Cross/weak validation in NatTable by Dirk Fauth

Sometimes it is necessary to implement logic that validates one value against another in the same object. Having a fromDate and a toDate in your model object, where the toDate can’t be before the fromDate, is a good example for that. This is also called “cross validation”. As in NatTable values will not be committed to the model if the validation fails, a mechanism for “weak validation” is needed. This means that the value will be committed to the model, even if the validation fails.

To implement such a “cross/weak validation” in NatTable, you should first consider to not use an IDataValidator. Instead move the validation logic to some static class/method, so it can be used in various places. For an example let’s use the following EventData class and static isEventDataValid(EventData) method.

public class EventData {
	private String title;
	private String description;
	private String where;
	private Date fromDate;
	private Date toDate;
	//getters and setters

public static boolean isEventDataValid(EventData event) {
	return (event.getFromDate().before(event.getToDate()));

public static boolean isEventDataValid(Date fromDate, Date toDate) {
	return fromDate.before(toDate);

This validation method will be called by a custom IConfigLabelAccumulator that should apply a special label in case the validation of the cell content fails.

public class CrossValidationLabelAccumulator 
				extends AbstractOverrider {

	private IRowDataProvider bodyDataProvider;

	public CrossValidationLabelAccumulator(
			IRowDataProvider bodyDataProvider) {
		this.bodyDataProvider = bodyDataProvider;

	public void accumulateConfigLabels(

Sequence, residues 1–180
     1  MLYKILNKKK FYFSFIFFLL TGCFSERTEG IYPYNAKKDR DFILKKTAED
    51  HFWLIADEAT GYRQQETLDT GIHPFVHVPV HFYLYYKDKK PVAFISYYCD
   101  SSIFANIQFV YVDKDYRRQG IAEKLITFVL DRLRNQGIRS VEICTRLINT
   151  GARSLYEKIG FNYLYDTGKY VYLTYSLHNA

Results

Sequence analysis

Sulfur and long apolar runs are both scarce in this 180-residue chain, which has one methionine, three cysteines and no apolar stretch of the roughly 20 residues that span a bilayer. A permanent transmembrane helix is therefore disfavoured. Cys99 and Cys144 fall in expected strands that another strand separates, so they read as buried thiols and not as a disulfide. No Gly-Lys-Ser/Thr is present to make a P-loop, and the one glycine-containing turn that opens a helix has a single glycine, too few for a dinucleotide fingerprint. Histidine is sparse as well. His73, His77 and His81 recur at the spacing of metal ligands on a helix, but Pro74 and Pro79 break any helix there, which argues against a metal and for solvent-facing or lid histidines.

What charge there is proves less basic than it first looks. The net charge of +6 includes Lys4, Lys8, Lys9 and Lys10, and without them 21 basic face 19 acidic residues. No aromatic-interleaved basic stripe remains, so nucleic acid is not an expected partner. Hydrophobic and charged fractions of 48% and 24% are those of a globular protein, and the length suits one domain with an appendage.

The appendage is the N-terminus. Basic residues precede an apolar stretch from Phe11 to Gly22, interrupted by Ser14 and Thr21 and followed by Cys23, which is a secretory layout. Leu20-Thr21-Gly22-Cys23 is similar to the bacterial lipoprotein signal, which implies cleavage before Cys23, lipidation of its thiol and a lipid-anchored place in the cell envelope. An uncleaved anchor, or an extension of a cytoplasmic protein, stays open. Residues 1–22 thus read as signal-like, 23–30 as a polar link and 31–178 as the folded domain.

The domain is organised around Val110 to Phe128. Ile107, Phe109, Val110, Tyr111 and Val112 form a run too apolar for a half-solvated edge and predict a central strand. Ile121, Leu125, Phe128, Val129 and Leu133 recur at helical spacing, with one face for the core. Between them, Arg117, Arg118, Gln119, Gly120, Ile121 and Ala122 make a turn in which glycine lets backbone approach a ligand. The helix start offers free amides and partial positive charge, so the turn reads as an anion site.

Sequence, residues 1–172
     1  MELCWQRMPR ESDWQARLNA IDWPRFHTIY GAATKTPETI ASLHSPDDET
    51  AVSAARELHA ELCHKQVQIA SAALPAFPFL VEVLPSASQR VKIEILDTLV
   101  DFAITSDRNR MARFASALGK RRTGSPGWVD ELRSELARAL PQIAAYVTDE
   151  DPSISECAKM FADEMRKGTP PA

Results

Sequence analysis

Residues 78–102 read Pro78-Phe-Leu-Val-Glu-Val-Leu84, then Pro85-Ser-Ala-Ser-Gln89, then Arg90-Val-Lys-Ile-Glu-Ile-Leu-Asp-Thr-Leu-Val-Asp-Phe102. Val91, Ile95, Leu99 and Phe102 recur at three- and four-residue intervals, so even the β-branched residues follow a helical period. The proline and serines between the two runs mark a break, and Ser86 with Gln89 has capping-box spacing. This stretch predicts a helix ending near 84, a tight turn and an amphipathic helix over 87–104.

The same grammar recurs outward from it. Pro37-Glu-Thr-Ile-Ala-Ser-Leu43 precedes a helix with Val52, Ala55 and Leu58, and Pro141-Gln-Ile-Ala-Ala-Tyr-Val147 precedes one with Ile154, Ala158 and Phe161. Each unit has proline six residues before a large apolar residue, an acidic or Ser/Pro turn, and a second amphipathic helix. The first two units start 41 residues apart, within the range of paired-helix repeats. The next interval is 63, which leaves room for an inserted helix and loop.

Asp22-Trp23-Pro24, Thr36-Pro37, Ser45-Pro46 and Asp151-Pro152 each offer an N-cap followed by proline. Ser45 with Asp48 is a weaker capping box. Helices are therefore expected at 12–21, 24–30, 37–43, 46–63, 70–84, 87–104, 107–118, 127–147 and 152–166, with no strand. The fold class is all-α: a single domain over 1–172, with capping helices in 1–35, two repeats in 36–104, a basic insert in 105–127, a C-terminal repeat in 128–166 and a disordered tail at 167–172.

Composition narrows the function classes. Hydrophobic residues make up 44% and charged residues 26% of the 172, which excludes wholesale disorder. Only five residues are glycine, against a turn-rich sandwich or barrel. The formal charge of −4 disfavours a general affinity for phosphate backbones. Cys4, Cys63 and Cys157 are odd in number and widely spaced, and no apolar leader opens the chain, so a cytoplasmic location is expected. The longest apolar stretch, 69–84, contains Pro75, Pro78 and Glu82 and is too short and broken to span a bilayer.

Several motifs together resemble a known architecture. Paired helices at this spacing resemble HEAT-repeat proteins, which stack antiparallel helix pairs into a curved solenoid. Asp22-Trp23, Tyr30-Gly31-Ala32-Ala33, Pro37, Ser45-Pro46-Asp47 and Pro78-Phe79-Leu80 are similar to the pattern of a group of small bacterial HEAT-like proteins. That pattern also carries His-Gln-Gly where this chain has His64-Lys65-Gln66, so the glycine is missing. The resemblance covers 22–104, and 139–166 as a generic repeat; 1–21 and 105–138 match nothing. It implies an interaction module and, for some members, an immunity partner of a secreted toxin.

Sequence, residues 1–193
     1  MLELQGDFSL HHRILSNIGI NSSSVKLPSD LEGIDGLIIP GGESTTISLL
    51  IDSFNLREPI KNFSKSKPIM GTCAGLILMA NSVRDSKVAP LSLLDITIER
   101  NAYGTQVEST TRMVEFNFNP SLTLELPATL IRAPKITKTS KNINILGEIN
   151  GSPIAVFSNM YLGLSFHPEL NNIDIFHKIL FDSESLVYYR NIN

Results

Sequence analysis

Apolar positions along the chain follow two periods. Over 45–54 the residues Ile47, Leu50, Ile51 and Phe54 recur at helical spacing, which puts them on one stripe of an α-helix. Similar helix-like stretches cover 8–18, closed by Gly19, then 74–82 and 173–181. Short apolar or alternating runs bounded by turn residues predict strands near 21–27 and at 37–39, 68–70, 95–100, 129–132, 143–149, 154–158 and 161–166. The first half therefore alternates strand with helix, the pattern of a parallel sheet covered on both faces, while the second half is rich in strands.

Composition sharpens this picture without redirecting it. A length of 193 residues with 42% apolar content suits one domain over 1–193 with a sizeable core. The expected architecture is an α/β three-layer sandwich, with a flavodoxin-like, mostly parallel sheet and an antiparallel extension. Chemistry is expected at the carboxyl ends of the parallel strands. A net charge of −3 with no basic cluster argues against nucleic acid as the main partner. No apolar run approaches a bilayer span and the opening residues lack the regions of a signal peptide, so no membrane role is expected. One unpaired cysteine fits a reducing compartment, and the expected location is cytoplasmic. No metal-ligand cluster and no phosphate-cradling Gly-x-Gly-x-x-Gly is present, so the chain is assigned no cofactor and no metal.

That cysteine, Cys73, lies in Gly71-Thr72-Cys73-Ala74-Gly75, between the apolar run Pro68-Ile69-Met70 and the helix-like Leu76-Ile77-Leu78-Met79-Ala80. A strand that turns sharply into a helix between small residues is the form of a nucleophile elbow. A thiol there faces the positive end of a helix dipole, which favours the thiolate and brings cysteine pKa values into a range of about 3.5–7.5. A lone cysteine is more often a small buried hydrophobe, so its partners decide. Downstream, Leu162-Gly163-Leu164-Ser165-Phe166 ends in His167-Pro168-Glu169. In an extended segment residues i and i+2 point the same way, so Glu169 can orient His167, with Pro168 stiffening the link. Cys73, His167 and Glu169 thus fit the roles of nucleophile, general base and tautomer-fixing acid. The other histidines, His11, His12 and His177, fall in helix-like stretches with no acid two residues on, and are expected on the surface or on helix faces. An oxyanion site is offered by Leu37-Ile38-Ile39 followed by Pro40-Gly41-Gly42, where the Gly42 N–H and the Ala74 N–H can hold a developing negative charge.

LabelStack configLabels, 
			int columnPosition, 
			int rowPosition) {

		//get the row object out of the dataprovider
		EventData rowObject = this.bodyDataProvider

		//in column 3 and 4 there are the values that 
		//are cross validated
		if (columnPosition == 3 || columnPosition == 4) {
			if (!isEventDataValid(rowObject)) {

To render the cell accordingly register a style against that label, so invalid data is visible to the user.

IStyle validationErrorStyle = new Style();



Doing the above steps, invalid data will be rendered differently, while the model is updated with that invalid data. As the model now contains invalid data you need to do additional checks, if the model data needs to be used afterwards. That’s why it is useful to extract the validation logic to a static class/method.

The approach described above has of course the downsite that you can’t tell the user why the current entered value is not valid. With NatTable 1.0.0 you will be able to work around this. One possible solution will be to keep the validator configuration or create an IDataValidator that uses the validation logic from the static class/method created before and register it against the cross validation cell labels.

class EventDataValidator extends DataValidator {
	private IRowDataProvider bodyDataProvider;

		IRowDataProvider bodyDataProvider) {
		this.bodyDataProvider = bodyDataProvider;

	public boolean validate(
		int columnIndex, int rowIndex, Object newValue) {

		//get the row object out of the dataprovider
		EventData rowObject = this.bodyDataProvider

		//as the object itself is not yet updated, we need 
		//to validate against the given new value
		Date fromDate = rowObject.getFromDate();
		Date toDate = rowObject.getToDate();
		if (columnIndex == 3) {
			fromDate = (Date) newValue;
		else if (columnIndex == 4) {
			toDate = (Date) newValue;
		if (!isEventDataValid(fromDate, toDate)) {
			throw new ValidationFailedException(
				"fromDate is not before toDate");
		return true;

Then register a DialogErrorHandling that is configured to support cross validation.

	new DialogErrorHandling(true),

If a validation error occurs, this will open a dialog showing the validation error message, giving the opportunity to changing, discarding or committing the value.cross_validation_error_dialog

You can find the complete example named CrossValidationGridExample in the current master branch of the NatTable. For more information on how to clone the Git repository and setup the development environment, have a look here.

About Dirk Fauth

Dirk Fauth is a Software Architect for Rich Client Systems working for the Robert Bosch GmbH in Stuttgart and a lecturer in Java basics for the Baden-Wuerttemberg Cooperative State University (DHBW). He is active in developing, teaching and talking about OSGi, Eclipse RCP applications and Eclipse related technologies. He is project lead of the Nebula NatTable project, Eclipse Platform committer and also a committer and contributor to several other Eclipse projects.
(Twitter: @fipro78)

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